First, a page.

“My research group and most of the other co-authors have been involved in research in Greenland for decades, which involves the entire ice sheet and marginal areas,” Kjær explains. “But it was when we started to inspect the newest map of the topography beneath the ice sheet in 2015 that we could see a large, circular feature near the ice sheet margin in Inglefield Land, northwest Greenland.”
While a circular depression doesn’t automatically mean it was caused by an intergalactic visitor, something tugged at the Kjær’s mind: In the courtyard at the Geological Museum in Copenhagen sits a 20-tonne iron meteorite that was found in North Greenland, not too far from the Hiawatha Glacier.
“An idea came to mind that this feature might be an impact crater,” Kjær explains, “partly because we pass a large meteorite each day in the courtyard of our museum.”
That’s when the hunt to prove it was a meteorite crash site began: In the summers of 2016 and 2017, the scientists conducted aerial surveys and went directly to the site to map tectonic structures in the rock and collect sediment samples deposited by a river that drains out of the glacier. They found angular quartz grains that revealed signs of shock from an impact, as well as other bits of carbonaceous materials and glass — evidence that they emerged from melting bedrock. In the river, they found further scientific treasure: Sediments with elevated concentrations of nickel, cobalt, chromium, and gold; their presence indicates a rare, iron meteorite.
This discovery, says Kjær, is a career highlight. Now, what needs to be done is further analysis to confirm the precise dating of the crash. Evidence so far indicates it occurred during the Pleistocene, but that time period is very broad — ranging from 2.59 million to 11,700 years ago — and the theory is still uncertain. To date the impact, they’ll have to recover material at the bottom of the ice sheet — a challenge, but one that Kjaer says is a crucial one. Understanding exactly when this happened won’t just solve a mystery, it’ll add to the understanding of how Earth’s climate has historically been shaped. It’s a collaborative mission, one that incorporates multiple factions of science.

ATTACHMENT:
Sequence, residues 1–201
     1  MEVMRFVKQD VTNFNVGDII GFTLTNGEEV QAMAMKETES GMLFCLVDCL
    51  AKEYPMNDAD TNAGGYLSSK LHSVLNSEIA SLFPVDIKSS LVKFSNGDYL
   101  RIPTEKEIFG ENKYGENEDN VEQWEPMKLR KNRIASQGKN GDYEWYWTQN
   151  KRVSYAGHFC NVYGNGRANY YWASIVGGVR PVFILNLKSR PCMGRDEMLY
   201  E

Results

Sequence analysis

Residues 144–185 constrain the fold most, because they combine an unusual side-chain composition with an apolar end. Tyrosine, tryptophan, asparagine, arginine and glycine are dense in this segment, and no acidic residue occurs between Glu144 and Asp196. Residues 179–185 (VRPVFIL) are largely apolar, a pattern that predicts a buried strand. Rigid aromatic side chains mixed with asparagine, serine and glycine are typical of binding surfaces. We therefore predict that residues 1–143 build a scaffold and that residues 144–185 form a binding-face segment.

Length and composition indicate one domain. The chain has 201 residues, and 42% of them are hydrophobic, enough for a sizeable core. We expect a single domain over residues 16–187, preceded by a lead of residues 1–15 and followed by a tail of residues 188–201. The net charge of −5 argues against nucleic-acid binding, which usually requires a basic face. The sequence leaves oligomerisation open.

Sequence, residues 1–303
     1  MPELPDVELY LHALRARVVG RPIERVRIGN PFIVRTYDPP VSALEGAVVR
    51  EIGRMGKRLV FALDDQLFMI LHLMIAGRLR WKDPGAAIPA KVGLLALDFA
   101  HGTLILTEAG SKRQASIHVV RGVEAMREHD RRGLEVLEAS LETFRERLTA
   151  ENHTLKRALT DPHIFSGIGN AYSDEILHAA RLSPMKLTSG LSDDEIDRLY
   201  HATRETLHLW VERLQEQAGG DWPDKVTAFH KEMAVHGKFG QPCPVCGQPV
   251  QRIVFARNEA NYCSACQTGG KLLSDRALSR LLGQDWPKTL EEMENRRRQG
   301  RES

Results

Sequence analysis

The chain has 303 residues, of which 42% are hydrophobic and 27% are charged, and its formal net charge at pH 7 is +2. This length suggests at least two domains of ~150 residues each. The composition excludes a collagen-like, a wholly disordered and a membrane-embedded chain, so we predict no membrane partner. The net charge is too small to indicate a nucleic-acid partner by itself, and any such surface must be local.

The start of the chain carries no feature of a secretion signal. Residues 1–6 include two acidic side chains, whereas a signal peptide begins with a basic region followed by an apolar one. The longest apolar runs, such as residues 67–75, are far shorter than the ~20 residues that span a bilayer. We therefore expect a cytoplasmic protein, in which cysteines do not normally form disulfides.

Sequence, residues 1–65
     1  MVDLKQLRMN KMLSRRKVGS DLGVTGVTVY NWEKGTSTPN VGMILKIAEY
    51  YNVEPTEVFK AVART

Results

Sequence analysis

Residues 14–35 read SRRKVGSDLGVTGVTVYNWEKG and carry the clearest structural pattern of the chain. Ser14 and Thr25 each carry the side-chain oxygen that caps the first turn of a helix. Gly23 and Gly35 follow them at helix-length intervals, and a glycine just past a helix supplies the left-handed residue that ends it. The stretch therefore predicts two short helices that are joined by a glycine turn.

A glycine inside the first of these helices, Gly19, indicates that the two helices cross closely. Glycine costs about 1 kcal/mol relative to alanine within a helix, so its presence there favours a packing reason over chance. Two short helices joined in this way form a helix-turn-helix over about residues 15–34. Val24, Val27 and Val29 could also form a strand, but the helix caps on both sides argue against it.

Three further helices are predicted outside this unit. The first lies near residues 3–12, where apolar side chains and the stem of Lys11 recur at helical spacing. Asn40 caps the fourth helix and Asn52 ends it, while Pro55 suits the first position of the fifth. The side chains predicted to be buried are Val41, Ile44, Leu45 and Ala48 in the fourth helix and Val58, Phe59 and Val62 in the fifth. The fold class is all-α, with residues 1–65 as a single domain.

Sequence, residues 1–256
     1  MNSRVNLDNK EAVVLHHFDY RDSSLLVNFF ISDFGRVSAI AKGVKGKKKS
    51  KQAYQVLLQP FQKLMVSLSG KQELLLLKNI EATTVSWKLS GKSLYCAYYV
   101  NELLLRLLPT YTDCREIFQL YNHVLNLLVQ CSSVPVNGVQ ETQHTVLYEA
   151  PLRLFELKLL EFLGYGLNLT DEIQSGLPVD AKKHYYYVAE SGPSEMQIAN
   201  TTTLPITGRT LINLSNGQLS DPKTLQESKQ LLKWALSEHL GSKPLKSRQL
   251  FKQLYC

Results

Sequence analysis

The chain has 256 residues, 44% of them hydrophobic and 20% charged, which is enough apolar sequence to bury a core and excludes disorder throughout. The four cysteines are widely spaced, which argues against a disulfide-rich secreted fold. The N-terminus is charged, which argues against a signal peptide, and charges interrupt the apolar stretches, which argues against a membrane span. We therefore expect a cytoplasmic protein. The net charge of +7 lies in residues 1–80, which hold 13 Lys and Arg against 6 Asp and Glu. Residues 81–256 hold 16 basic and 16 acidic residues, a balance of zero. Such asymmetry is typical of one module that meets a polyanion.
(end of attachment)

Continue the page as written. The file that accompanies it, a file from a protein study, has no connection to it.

It’s also not a task to take lightly. As Paden explains “this is probably a once in a lifetime opportunity for most of us.”
We report the discovery of a large impact crater beneath Hiawatha Glacier in northwest Greenland. From airborne radar surveys, we identify a 31-kilometer-wide, circular bedrock depression beneath up to a kilometer of ice. This depression has an elevated rim that cross-cuts tributary subglacial channels and a subdued central uplift that appears to be actively eroding. From ground investigations of the deglaciated foreland, we identify overprinted structures within Precambrian bedrock along the ice margin that strike tangent to the subglacial rim. Glaciofluvial sediment from the largest river draining the crater contains shocked quartz and other impact-related grains. Geochemical analysis of this sediment indicates that the impactor was a fractionated iron asteroid, which must have been more than a kilometer wide to produce the identified crater. Radiostratigraphy of the ice in the crater shows that the Holocene ice is continuous and conformable, but all deeper and older ice appears to be debris rich or heavily disturbed. The age of this impact crater is presently unknown, but from our geological and geophysical evidence, we conclude that it is unlikely to predate the Pleistocene inception of the Greenland Ice Sheet.